Jessica Sinclair Taylor's blog
Official figures due out tomorrow are projected to show a rise in child poverty – a trend independent experts suggest may continue over the next five years, as we move further and further away from the Government’s legal target to eliminate child poverty by 2020.
On 25th June the Department for Work and Pensions will release updated figures on poverty, including child poverty, for 2013-14.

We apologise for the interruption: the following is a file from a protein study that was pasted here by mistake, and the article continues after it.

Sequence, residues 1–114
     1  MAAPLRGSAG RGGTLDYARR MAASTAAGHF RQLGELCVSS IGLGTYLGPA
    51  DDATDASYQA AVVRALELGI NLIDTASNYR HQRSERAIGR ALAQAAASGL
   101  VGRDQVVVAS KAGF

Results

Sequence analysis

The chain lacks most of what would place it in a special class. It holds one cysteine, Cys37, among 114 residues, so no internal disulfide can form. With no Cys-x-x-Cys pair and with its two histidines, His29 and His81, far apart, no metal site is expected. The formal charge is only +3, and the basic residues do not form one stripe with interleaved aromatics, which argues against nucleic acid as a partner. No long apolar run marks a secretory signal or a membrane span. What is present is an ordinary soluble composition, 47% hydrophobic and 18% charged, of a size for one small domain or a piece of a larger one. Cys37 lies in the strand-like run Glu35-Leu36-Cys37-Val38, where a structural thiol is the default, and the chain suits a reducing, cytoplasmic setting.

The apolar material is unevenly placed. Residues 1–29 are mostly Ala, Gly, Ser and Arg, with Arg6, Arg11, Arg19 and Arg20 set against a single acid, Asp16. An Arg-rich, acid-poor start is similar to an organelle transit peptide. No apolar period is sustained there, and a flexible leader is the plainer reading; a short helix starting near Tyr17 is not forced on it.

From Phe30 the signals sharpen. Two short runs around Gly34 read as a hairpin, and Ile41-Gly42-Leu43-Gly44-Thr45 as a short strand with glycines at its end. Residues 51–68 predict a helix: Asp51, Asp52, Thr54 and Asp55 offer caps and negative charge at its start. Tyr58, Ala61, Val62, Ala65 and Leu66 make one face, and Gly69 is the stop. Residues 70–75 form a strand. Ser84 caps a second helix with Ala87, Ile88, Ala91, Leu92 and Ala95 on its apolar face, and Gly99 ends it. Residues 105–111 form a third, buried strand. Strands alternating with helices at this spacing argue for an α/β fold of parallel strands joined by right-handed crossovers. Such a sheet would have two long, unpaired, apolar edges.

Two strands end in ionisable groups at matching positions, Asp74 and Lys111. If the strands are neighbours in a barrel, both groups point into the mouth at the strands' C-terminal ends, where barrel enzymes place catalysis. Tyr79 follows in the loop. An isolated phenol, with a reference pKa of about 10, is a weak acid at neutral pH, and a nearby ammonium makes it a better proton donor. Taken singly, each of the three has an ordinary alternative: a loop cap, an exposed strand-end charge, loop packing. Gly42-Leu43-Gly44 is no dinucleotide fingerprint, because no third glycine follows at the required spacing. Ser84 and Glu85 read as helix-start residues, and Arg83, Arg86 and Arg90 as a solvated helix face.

These figures were delayed until after the election, meaning the last government went into a General Election with child poverty figures available only up to the end of March 2013 – that’s before most of the austerity-driven benefit cuts had been implemented.
Back in the early 2000s, ‘child poverty’ was the term on every politician’s lips. The lead up to the Child Poverty Act in 2010 achieved cross-party consensus on the necessity of eradicating child poverty by 2020. These days, enthusiasm to give children in poverty the attention they deserve seems more muted.